Throughout the Houston office market’s recovery following the 2014 oil crash, downtown’s occupancy and rent rates have been a bellwether for leasing activity among energy companies. Countless companies, most of which are tied to energy, have either vacated downtown or reduced their footprints in recent years.
Because of the uncertainty in the downtown market and the subsequent drops in rent, downtown office landlords are making around half the profits from rent compared to 2014, according to a report from Savills Studley.
Downtown Houston office landlords are profiting around $10.79 per square foot, down 2.4 percent from 2016, per the report. In 2014, downtown Houston’s office landlords profited just over $20 per square foot. Following the housing crisis of 2008, landlords profited around $14 per square foot.
“Landlords are doing worse in Houston than other markets because the world economy is up, the stock market is up, things are great in the U.S., unemployment is down but the energy sector is still in deep recovery mode,” said Drew Morris, executive vice president and branch manager of Savills Studley’s Houston office.
Savills Studley’s report tracked three stats: landlord’s effective rent (how much landlords profit per square foot), tenant’s effective rent (how much tenants actually wind up paying after concessions and free rent is taken into account) and tenant’s negotiated rent (the rent often made publicly in available to downtown’s prospective tenants).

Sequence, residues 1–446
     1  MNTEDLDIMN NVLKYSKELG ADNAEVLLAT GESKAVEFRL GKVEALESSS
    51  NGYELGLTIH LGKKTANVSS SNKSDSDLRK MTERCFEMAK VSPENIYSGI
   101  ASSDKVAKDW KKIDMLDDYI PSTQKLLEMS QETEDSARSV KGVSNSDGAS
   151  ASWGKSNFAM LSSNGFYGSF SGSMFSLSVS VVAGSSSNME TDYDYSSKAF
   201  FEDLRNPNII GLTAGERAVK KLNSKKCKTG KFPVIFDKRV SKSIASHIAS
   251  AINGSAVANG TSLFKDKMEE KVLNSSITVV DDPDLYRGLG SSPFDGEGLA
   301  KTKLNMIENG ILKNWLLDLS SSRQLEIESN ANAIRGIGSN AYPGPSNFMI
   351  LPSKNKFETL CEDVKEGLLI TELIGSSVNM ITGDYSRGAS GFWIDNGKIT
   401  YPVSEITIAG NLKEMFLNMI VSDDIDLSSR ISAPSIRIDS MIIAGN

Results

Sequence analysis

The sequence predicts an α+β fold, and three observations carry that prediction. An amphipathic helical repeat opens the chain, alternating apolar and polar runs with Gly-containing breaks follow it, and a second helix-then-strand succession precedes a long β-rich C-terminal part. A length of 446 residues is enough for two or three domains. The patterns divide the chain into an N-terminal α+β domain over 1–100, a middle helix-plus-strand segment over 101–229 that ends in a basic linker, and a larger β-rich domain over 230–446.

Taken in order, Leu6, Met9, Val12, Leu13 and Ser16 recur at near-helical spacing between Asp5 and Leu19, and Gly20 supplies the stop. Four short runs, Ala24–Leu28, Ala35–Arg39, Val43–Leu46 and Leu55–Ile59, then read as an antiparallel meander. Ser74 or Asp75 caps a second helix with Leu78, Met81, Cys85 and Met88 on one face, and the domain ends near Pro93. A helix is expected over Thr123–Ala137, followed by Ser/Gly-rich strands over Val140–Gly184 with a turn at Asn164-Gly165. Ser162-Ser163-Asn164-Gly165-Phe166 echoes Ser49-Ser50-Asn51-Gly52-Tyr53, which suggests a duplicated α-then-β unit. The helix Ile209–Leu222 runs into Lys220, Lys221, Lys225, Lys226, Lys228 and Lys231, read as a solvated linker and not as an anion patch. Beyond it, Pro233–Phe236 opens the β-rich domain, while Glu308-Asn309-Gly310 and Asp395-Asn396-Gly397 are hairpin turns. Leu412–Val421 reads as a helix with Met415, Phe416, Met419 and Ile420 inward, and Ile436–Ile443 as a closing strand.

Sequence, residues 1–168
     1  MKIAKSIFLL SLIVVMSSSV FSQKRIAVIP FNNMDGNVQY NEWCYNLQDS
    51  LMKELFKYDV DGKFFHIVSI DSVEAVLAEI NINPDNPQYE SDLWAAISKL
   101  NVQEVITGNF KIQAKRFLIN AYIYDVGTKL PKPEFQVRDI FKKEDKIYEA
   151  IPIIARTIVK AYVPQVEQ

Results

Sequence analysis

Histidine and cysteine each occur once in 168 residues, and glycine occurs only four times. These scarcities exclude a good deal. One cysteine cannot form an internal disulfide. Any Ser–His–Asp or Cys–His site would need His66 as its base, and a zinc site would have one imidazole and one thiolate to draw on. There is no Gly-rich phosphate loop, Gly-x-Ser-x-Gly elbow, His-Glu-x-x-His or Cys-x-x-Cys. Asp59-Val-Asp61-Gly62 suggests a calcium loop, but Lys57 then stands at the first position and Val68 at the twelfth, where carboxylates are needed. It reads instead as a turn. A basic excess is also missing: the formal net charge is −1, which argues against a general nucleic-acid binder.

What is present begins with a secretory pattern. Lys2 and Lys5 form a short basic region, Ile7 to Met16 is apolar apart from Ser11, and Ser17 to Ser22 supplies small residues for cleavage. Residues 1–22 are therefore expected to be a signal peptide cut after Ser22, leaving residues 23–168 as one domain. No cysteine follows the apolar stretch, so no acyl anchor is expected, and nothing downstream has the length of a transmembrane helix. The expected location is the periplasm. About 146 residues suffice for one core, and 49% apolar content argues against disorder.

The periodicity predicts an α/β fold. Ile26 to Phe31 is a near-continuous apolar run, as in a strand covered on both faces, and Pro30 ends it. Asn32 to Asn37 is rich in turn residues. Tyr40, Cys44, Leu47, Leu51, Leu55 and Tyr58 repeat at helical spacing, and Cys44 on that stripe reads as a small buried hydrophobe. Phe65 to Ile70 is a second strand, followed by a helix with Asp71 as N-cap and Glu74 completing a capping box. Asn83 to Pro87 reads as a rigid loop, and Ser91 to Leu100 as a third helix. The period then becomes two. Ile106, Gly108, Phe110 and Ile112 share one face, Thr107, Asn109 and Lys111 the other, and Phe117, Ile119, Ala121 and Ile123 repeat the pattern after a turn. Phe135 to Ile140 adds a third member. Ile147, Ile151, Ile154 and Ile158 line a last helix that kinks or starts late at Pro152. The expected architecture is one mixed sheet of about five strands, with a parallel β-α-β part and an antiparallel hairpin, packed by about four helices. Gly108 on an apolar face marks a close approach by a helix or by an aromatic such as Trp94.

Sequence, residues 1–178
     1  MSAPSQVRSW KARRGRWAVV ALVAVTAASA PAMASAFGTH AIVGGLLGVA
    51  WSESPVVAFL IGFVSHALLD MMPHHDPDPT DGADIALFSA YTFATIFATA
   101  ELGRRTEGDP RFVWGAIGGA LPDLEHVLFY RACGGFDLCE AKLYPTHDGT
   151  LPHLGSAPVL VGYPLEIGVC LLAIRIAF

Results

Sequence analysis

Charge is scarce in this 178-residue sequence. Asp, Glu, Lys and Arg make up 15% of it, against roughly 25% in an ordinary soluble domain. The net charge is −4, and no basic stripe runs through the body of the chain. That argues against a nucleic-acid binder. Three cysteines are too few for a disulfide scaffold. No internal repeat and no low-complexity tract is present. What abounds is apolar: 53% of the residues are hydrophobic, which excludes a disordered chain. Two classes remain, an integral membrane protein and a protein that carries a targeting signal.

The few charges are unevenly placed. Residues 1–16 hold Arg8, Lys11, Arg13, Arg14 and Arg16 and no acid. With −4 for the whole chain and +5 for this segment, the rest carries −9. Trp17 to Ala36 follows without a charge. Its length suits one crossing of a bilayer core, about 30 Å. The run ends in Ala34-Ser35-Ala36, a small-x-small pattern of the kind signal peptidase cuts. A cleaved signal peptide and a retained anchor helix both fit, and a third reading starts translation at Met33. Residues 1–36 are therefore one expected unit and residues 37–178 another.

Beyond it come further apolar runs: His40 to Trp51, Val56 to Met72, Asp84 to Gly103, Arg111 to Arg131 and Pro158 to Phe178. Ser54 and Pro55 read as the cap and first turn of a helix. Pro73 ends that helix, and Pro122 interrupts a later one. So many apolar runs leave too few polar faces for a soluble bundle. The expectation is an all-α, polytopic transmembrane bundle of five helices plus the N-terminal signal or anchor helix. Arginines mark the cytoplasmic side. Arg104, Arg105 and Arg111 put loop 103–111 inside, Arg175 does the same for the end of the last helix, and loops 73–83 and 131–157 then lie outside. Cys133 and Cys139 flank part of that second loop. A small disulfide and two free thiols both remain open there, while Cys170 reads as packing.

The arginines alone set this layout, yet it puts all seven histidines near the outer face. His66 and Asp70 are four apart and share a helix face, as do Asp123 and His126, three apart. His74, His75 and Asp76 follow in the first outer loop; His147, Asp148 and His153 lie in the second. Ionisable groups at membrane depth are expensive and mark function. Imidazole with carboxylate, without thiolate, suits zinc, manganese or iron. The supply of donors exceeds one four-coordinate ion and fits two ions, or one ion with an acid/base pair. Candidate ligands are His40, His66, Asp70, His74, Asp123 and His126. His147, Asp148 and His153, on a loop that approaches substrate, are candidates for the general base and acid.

The average effective rent for downtown office buildings is currently $45.15 per square foot, per the report, which is up 3.4 percent from 2016. After free rent and other concessions are taken into account, downtown Houston’s office tenants only wind up paying $31.04 per square foot on a 12-month basis – just a 0.1 percent change from 2016.
Concessions increased fairly dramatically in downtown Houston in 2017. The average downtown landlord offered $71.00 per square foot in tenant improvement allowances and $108.00 per square foot in free rent savings. (That’s not to say that tenants saved $108.00 per square foot per month in free rent – that figure represents annual savings.)
For most businesses, having their profits cut in half would put them out of business. That isn’t the case for downtown landlords, Morris said.
“I’m not landlord … but, to me, that means stability,” Morris said about the value of profiting $10 per square foot on a downtown office building. “You’re covering your debt service, you’re not having to raise new equity, the building (isn’t) performing at a high level, but it sustainable.”
The largest block of Houston office space available for direct lease is in downtown Houston, in the 800 Bell property. The 1.3 million-square-foot building has been vacant since 2015 when Exxon Mobil Corp. (NYSE: XOM) exited and relocated employees to its new campus in Springwoods Village.
Meanwhile, a brand new building in downtown Houston has had healthy leasing activity. Hines’ 609 Main at Texas, a more than 1 million-square-foot tower that delivered in 2017, has 420,286 square feet available for office tenants, according to Colvill Office Properties, which markets the building for Hines.